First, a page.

About a year and a half ago, Farmer Dave had a plan. And that plan was to get pigs. Oh, and also to marry me. We got married on September 20th at the farm and it was absolutely beautiful (pictures to come). At the wedding, our buddy Carl Blake came and roasted a whole hog and also brought with him a little friend, a week old Mulefoot/Large Black cross. Because you can’t have a farm wedding without a baby pig running around, am I right?! Well that little lady pig wasn’t just there for the hell of it, she was our wedding gift! Little Britney Spears (as Dave named her) was the beginning of our pig herd but we had no idea what that was about to snowball into.
Let’s take it back a ways. About a year or so ago we met Carl Blake of Rustik Rooster Farm in Iowa. Carl isn’t just any ol’ pig farmer, he re-created a German heritage breed hog from the 1800’s and has since been featured on the Colbert Report, New York Times and the Travel Channel. But more than any of that, he’s just a super cool dude. Dave and our buddy Forrest have been up to visit and help him out on his farm a few times over the past year and have since developed a great friendship with Carl. We all believe in raising pigs in similar fashion and providing the public with the highest quality and best tasting heritage breed pork.
Fast-forward to the wedding and Britney Spears.Â Britney Spears is a cross between a Mulefoot (a very rare breed of hog that doesn’t have a cloven hoof like most pigs that also has beautiful and tender fatty parts) and a Large Black (a very, very large pig). So this little three pound pig will get to be about 450 lbs when she’s full grown! Ay yi yi! Because of her exceptionally rare breed and genetics, she will be our very first breeding sow! But that’s a little later down the line, for now she’s a cute little ball of squeals. So during the reception Carl gave us a quick rundown on what to feed her, how often to feed her, etc but we were both basking in the glow of our nuptials (and the champagne) we were starry eyed to the fact that we have a new bottle baby. In our house. Our very first pig is also our very first house pig! There’s just one problem, we have no idea what to do.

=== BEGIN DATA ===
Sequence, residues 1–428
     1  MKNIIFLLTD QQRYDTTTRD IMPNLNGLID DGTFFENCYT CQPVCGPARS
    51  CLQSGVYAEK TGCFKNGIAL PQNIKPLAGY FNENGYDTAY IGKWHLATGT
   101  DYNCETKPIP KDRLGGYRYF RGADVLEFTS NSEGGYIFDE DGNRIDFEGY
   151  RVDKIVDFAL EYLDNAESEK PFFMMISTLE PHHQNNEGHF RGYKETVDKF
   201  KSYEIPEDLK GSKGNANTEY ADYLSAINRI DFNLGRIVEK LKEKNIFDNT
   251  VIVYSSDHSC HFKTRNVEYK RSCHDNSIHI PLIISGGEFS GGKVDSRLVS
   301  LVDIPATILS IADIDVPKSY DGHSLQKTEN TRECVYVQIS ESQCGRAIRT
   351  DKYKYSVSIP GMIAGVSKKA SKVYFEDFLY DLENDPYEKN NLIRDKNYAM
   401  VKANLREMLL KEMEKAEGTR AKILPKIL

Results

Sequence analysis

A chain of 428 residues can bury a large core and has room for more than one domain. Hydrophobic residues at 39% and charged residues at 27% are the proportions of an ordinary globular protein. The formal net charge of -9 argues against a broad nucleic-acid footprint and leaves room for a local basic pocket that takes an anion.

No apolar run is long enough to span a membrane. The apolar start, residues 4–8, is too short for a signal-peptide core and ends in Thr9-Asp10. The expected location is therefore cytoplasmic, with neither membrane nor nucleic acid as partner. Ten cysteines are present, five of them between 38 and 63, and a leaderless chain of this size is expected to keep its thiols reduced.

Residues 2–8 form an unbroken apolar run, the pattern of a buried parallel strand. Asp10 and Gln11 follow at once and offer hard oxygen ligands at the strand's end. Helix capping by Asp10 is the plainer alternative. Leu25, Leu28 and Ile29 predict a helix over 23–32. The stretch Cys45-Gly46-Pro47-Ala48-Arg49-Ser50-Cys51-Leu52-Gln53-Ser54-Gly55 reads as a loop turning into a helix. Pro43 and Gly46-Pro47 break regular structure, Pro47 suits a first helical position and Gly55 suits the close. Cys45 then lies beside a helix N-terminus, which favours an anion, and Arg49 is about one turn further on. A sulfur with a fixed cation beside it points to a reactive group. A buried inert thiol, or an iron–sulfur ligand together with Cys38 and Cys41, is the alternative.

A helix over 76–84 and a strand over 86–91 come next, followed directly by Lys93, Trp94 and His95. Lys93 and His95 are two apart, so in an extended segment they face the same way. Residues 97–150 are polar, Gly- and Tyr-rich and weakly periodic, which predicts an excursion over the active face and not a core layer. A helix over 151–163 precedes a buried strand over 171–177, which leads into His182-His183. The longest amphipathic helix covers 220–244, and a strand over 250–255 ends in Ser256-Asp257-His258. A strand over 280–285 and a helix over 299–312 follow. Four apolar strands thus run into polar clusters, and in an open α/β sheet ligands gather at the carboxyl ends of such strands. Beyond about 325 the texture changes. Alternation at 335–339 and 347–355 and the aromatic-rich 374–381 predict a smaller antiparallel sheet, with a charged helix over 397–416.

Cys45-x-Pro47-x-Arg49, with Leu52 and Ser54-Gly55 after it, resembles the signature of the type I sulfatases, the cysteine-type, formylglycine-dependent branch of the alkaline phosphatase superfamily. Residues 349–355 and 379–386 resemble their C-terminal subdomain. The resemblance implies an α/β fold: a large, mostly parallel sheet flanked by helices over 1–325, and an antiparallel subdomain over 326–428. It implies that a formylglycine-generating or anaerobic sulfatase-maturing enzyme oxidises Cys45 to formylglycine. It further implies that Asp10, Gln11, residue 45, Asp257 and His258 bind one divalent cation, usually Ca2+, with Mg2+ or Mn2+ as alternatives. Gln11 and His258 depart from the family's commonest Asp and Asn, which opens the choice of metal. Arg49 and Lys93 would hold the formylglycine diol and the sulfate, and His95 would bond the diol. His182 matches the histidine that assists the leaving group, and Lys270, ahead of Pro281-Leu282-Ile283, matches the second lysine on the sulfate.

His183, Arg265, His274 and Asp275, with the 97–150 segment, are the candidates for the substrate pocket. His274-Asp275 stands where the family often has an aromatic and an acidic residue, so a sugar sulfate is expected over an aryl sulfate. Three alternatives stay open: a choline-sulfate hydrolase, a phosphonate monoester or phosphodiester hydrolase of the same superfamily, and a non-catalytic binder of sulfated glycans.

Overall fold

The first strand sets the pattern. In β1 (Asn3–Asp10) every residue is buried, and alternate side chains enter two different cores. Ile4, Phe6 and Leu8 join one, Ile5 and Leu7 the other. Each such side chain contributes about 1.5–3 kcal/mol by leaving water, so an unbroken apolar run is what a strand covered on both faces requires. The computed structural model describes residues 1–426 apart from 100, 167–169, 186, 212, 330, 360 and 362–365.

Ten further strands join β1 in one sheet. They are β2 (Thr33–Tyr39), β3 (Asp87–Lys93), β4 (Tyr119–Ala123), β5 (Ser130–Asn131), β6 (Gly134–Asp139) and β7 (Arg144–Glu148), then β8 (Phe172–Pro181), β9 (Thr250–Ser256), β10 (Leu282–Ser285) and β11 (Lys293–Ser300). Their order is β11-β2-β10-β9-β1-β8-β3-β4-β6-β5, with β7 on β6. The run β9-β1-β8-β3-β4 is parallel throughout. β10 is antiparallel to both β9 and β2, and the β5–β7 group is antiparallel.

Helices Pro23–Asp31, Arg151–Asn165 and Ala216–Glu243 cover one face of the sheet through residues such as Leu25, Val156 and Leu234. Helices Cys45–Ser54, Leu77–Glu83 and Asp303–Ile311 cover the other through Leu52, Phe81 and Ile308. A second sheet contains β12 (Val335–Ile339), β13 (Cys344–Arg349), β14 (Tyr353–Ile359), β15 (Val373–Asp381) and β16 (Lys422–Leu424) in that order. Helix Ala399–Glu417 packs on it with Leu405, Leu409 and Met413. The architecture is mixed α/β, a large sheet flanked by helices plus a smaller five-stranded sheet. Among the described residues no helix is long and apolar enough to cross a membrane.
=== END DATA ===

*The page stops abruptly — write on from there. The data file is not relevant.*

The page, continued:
Bottle baby pigs are interesting creatures. They don’t have scheduled feedings like goats do, nor do they down an entire bottle like goats do. At just a few days old, Britney just took ate a few ounces of milk at a time, sometimes it seemed like it was only tablespoons. And then about 45 minutes to an hour later, she was hungry again and boy did she let us know!! Oh man, she’s got some pipes on her! Also, she is not cuddly like goats are, she does not like to be picked up, cuddled or sometimes even pet by strangers. When she’s not in the mood for touching she’ll make a oink that sounds like “nuh-uh!” But with some persistence, within a week, she was climbing up in my lap and taking naps next to me on the bed. She was even a lovely guest at Coralville, Iowa’s finest Holiday Inn Express.
But that’s not where our pig adventure ended! A few days after the wedding, we got the news that our first set of pigs were coming.. and they were coming the following week. Oh man.. the moment that we’ve been waiting for is here! It’s here WAY before we were ready for it, but whatever. When the opportunity presents itself, you have to go with it. So the countdown was on to get the temporary pig facilities ready. We had to get our barn and pasture ready to hold 11 pregnant gilts and 7 barrows (males that are not intact/meat pigs).